Autumn (Book)



Autumn Book ReviewReviewed by Elaine Lamkin

Written by David J. Moody

Published by St. Martin's Press


Fans of David Moody’s best-selling Hater (soon to be a film by Guillermo del Toro) and Dog Blood can rejoice that his online, downloaded-more-than-a-half-million-times zombie hit Autumm is finally being published for mass consumption. Starting on October 26, 2010, St. Martin’s will publish Autumn, the first in Moody’s five-part apocalyptic series that never once uses the “Z” word. After that, in January or February, will come book two, Autumn: The City, and from there the final three books will be released about every three months (for fans of the online series, there IS a fifth book, but Moody isn’t talking about the title yet).

I LOVED Autumn! It REALLY resonates with Romero’s Night of the Living Dead as well as Danny Boyle’s 28 Days Later. Set in the city of Northwich, in northern England, the story opens with a virulent virus that literally kills within seconds. Soon, nearly everyone in the United Kingdom is dead. Just dying wherever they happened to be at that moment. But there are a few survivors who manage to band together in a ramshackle community center, where many are in shock and cannot manage at all in this “new” world, but there are others who want to find out what the HELL has happened. However, before this small band can organize and begin exploring, the dead start to rise. Not all of them, but enough to make the survivors rethink their plan for returning to the city.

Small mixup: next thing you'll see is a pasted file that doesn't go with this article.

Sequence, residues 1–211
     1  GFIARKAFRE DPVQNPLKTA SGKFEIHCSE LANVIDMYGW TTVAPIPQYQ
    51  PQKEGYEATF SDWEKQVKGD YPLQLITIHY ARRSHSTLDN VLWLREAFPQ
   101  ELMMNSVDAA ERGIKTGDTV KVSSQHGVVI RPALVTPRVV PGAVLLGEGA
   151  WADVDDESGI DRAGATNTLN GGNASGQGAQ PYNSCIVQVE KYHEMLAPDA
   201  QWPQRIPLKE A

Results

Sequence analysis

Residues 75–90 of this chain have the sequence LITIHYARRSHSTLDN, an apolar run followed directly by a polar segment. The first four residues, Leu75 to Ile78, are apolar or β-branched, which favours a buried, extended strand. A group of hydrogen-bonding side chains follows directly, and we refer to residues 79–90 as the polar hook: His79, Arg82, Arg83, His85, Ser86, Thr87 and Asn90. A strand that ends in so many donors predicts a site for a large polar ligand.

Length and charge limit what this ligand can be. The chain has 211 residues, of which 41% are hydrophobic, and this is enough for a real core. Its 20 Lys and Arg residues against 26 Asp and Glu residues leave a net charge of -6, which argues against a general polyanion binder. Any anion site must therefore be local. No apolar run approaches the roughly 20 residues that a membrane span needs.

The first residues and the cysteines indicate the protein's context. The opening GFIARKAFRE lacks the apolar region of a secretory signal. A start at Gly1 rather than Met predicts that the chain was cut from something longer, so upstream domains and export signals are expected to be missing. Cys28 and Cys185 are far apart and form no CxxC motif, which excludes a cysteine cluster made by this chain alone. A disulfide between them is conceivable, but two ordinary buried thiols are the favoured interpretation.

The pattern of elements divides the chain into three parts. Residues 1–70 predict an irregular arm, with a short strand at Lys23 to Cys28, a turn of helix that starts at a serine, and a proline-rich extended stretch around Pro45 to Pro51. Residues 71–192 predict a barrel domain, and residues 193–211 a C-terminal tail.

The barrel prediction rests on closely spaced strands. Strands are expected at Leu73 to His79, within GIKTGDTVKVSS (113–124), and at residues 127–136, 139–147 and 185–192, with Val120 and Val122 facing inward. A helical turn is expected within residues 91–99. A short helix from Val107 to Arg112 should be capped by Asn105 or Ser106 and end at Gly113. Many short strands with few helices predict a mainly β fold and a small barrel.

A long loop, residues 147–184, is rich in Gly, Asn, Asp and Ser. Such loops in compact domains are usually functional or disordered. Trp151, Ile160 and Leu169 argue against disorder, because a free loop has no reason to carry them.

Michael, Carl and Emma, however, are not going to wait around in the community center to see what happens next, especially with supplies being almost non-existent and the attitudes of the other refugees degenerating quickly. They make a plan to flee to the countryside, reasoning that there being fewer people there to begin with, they would stand a better chance of survival. This escape from the city starts the second and more powerful part of the novel. Three people entirely on their own who find an old farmhouse (English-style, mind you) and set about barricading themselves in to try and survive the oncoming winter as well as the undead, which seem to be recovering some of their senses and abilities. They gather supplies from nearby villages (and have some hair-raising encounters during a few of their excursions) and begin to realize that the corpses are attracted to sound and are finding the farmhouse.

For hard-core horror fans out there, this book probably doesn’t have as much bloodshed and brain munching as they might want, but if you read our recent interview with author David Moody, his take on the living dead is quite eye-opening as he makes some excellent points that I haven’t heard from anyone else about the "cadavers" in his books versus others’ take on the zombie mythology. Autumn is much more of a character study of the three protagonists and how they interact with and react to this new world they find themselves in, and I found that fascinating as well as the bleak feeling the book brings, being set in an English autumn. Still, there are some chilling moments, and by the end of the book, you will be waiting impatiently for the next installment.

Between his “undead” series and the Hater series, Moody is cornering the market on British “nasty virus” novels. And that is a very good thing.

4 1/2 out of 5

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